There is currently 10.6 million AUD in the Ratesetter Australia provision fund. And since 2014 the provision fund has paid for every default without exception.

Ratesetter provision fund

Review of advantages

  • established platform
  • very high interest rates (displayed rates are after fees)
  • no default losses since 2014 for investors (due to the provision fund)
  • comprehensive statistics & loanbook download

Review of disadvantages

  • signup a little more effort than usual (see description below)
  • no secondary market. Investors investing in the secondary market should not expect to be in a situation were they might need that money earlier
  • 10% withholding Tax for German residents (for other countries check here – according to Ratesetter it is either 0% or 10% depending on country)
  • very volatile currency exchange rate
  • transaction fees for changing EUR -> AUD according to description below is 0.35%; to convert back AUD -> EUR the fee is 0.45%

My conclusion

Only investors that want to invest a larger amount for a long duration should consider this. Otherwise it is not worth the effort in my opinion.

Currency EUR AUD chart
Currency exchange rates EUR/AUD last five years (Source)

How I signed up as a a non-resident investor on Ratesetter Australia – step my step explanation

As the process is more effort than usual, I suggest you read the complete remainder of the article and decide if it is for you, instead of just diving into the registration process.

Step 1: Trigger Ratesetter registration process

Sign up via this link and the first 5 investors have a chance to get a cashback bonus of $75 AUD – see conditions below*

First there is a welcome page, click “Register Now” there and then this page is shown:

Ratesetter AUS Registration

Yes, you saw that right. After clicking Register, you STOP and do NOT proceed with the signup on the website as it can only handle Australian residents.

Step 2: Continue registration

After a few minutes I got an automated email asking me to complete my registration. I did NOT click on the link provided in the email, but rather send a reply email, stating that I am a German resident and would like to invest on Ratesetter and that I have an Australian bank account. I asked that they would please guide me through the process.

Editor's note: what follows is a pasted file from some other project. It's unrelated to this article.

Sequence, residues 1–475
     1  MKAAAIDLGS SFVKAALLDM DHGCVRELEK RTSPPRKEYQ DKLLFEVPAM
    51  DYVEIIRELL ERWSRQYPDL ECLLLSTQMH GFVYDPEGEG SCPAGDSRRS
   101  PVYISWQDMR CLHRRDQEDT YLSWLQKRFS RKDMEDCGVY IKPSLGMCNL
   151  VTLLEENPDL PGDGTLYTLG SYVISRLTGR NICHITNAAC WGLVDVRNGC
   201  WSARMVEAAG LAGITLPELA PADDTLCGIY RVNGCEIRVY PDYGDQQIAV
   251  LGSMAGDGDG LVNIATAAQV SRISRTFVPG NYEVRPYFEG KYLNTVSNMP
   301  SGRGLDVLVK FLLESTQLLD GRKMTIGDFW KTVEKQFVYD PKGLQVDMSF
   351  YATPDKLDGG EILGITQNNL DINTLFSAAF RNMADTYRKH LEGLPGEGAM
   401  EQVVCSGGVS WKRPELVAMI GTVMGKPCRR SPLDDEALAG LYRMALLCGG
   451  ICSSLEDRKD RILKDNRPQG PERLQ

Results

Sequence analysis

Step 3: Australian bank account

WTF? Sounds much more prohibiting than it actually is. I had a Transferwise account already and with a few clicks could open a free Transferwise borderless account in Australian dollar which comes complete with account number and BSB code (routing code). If you don’t have Transferwise you can open it for free, only plan a little time for verification.

The Australian Transferwise account later serves as reference bank account which is entered into the form in step 5.

Converting EUR in AUD costs 0.35% at Transferwise (how I saved that fees is written below). The current fee for later changing back AUD to EUR is 0.45%.

Step 4: Obtain scanned certified copies of documents for registration

While I waited for the answer from Ratesetter from Step 2, I went ahead and obtained scanned certified copies of documents. I could do that a the town hall (cost incurred 3.50 EUR). It will probably be different in other countries. Needed is
a) current driver licence OR current passport
b) proof of address no older then 60 days: utilities bill (such as an electricity bill or phone statement) OR bank statement or other bank correspondence OR correspondence from a local or central government department

Step 5:. Going on with registration

Meanwhile I got the reply from Ratesetter support. They are super helpful, but time zone difference means every back and forth takes a day. Ratesetter sent me a link of a web form to complete. I did that (entered ‘-‘ for SWIFT) and told them so via email, which I attached the requested certified document copies to.

Step 6: Registration is complete

One day later I got the confirmation that my registration was completed and I was ready to go.

Step 7: Deposit

One can now convert in the Transferwise account Euro to AUD wechseln and then send money from the Transferwise Australian currency account to Ratesetter. Ratesetter shows the necessary routing information under Transfer funds in > Transfer by Bank Transfer > Other